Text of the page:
I'm learning about WPF. WPF uses device-independent pixels. But I can't really understand them. Why are they better than device-dependent pixels, if most other apps are device-dependent and WPF apps aren't? Would they stick out?
The advantage of device independent pixels is that when specifying a UI you can determine the size that UI components will appear on the user's device, regardless of the user's screen resolution. Unfortunately, it's not quite as simple as that, as it requires the user to have various settings set 'correctly', and it can be overridden by a user who wants to change the resolution of their device (e.g. a partially sighted user who wants to run at a low resolution to make text easier to read).
In addition to the other link posted, you can also check out this one: http://www.wpflearningexperience.com/?p=41
Note that you can turn on snapping a control to device pixels with the SnapsToDevicePixels set to true to avoid the blurriness that occurs when a horizontal/vertical line is drawn on the boundary between two device pixels.
Before understanding device independent unit, it is required to understand what DPI is. DPI is dots per inch, that means there would be certain number (96 usually) of pixels in an inch . But what is important to understand is in Win32 environment this inch is not fixed in size as a physical inch. So when the number of dots increases / decreases by changing the resolution there would more / less number of dots in an inch as a result the "inch" size increases or decreases. However in case of WPF the inch size is as good as a physical inch as a result every time the DPI changes the system adjusts it self accordingly.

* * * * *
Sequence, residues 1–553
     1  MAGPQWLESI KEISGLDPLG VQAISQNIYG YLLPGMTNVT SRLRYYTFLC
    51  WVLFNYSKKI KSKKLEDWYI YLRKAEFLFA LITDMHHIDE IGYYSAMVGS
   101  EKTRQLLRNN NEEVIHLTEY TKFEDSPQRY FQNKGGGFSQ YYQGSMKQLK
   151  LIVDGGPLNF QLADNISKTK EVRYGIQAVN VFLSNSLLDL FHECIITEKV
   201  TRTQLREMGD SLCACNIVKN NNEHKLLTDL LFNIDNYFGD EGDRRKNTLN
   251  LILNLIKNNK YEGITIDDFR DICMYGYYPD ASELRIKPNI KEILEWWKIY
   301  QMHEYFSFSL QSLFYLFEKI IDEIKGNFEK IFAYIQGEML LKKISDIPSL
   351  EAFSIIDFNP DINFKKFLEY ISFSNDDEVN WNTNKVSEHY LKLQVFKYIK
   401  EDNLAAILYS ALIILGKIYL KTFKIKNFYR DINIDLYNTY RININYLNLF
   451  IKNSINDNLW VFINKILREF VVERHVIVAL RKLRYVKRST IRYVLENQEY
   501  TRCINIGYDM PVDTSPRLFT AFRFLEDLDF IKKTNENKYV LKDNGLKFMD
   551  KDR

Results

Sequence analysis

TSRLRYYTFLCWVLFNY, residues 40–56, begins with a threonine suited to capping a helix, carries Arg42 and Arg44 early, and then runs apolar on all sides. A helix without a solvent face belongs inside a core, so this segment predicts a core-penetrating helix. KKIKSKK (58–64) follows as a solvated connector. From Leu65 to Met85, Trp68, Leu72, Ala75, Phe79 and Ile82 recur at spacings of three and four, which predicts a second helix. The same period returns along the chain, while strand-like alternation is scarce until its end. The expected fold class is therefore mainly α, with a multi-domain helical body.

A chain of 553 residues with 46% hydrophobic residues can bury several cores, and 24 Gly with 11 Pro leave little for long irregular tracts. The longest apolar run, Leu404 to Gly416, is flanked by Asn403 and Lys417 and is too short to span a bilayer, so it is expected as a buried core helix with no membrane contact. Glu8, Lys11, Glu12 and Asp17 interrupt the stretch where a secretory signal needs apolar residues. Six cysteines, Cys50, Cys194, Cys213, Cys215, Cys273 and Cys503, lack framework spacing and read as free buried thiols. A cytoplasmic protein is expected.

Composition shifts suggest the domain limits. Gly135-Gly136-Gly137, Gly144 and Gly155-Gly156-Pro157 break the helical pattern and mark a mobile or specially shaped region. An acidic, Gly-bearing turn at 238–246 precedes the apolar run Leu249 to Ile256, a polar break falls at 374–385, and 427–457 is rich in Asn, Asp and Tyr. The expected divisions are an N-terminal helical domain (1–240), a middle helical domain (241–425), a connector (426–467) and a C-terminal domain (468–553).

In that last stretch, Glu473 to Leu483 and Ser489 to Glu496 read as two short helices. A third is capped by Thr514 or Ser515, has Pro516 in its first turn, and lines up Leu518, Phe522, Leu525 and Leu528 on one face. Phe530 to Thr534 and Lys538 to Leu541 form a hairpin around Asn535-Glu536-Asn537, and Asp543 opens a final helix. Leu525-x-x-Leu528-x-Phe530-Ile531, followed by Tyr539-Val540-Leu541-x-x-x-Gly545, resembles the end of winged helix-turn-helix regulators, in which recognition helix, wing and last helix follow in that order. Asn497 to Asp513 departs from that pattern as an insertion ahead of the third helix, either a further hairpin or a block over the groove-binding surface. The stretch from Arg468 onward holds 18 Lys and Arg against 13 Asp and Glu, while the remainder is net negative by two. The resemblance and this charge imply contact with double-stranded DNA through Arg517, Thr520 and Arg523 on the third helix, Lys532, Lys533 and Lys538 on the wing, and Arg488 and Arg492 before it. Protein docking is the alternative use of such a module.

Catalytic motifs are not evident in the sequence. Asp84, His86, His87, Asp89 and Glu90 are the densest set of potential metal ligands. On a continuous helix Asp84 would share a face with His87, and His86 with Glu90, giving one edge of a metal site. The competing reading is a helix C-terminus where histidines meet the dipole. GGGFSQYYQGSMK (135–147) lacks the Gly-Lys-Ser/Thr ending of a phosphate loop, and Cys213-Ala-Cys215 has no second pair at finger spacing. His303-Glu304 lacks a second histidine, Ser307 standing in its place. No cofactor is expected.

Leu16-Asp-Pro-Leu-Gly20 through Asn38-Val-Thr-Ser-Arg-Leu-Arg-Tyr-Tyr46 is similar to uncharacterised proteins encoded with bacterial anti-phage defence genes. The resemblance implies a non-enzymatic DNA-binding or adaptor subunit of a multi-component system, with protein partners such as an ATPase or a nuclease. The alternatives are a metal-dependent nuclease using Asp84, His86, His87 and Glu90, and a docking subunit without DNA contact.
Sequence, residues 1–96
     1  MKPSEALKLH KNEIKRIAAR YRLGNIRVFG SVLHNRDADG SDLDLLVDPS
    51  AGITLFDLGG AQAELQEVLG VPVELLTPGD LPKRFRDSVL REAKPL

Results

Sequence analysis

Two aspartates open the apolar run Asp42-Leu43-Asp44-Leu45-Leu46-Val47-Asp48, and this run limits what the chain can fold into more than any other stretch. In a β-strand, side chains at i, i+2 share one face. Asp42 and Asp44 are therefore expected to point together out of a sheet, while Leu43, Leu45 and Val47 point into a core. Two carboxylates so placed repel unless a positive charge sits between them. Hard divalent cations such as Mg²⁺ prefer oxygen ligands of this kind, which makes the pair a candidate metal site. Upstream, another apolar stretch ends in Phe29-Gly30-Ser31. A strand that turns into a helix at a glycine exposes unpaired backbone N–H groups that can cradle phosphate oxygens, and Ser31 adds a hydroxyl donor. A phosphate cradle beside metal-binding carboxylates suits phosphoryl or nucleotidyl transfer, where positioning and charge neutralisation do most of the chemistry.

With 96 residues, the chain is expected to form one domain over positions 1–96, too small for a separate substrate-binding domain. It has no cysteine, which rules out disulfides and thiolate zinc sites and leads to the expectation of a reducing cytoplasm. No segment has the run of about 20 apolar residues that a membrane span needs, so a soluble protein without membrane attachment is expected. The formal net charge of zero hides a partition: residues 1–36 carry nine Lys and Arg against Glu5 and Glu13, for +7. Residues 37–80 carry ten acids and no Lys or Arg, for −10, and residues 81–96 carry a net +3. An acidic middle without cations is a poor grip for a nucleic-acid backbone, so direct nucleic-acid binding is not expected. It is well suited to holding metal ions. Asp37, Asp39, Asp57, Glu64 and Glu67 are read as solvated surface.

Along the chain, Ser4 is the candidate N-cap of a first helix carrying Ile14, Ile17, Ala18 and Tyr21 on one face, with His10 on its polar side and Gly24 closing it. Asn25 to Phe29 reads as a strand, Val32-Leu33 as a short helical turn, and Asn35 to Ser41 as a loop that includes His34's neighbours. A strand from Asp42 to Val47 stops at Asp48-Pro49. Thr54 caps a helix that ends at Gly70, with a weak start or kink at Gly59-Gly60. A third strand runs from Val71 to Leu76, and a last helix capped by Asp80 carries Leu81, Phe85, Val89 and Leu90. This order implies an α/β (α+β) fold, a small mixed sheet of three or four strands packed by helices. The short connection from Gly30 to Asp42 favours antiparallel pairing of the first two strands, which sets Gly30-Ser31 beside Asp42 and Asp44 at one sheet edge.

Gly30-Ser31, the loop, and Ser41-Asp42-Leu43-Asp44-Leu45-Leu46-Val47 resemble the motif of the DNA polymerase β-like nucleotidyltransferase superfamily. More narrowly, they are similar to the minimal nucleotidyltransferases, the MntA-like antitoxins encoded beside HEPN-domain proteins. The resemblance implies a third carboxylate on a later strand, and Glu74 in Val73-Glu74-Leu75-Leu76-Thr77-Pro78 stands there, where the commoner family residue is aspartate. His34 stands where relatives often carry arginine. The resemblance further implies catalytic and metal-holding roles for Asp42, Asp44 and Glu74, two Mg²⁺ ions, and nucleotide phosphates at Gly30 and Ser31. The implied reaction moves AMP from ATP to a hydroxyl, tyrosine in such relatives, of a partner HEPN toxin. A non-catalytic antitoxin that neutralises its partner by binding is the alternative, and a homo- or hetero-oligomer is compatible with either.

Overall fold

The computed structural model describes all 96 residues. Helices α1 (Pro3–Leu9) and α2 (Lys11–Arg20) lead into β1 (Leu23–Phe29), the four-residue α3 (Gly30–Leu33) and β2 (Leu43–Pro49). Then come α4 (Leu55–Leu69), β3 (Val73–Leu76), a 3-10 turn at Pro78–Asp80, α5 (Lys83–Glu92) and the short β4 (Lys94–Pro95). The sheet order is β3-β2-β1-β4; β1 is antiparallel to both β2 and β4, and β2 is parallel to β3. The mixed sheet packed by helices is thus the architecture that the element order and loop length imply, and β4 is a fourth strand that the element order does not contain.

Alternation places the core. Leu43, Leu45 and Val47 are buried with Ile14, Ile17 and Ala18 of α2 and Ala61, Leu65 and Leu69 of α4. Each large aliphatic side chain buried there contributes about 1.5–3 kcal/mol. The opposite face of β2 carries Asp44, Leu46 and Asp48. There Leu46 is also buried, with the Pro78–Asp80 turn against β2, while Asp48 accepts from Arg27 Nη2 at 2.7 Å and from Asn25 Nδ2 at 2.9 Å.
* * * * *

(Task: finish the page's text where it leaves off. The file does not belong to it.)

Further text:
It's about UI and font scaling depending on the system's DPI setting:
Not all applications are DPI-aware: some use hardware pixels as the primary unit of measurement; changing the system DPI has no effect on these applications. Many other applications use DPI-aware units to describe font sizes, but use pixels to describe everything else. Making the DPI too small or too large can cause layout problems for these applications, because the applications' text scales with the system's DPI setting, but the applications' UI does not. This problem has been eliminated for applications developed using WPF.
WPF supports automatic scaling by using the device independent pixel as its primary unit of measurement, instead of hardware pixels; graphics and text scale properly without any extra work from the application developer.
This is taken from the link Kishore provided. (http://msdn.microsoft.com/en-us/library/ms748373.aspx)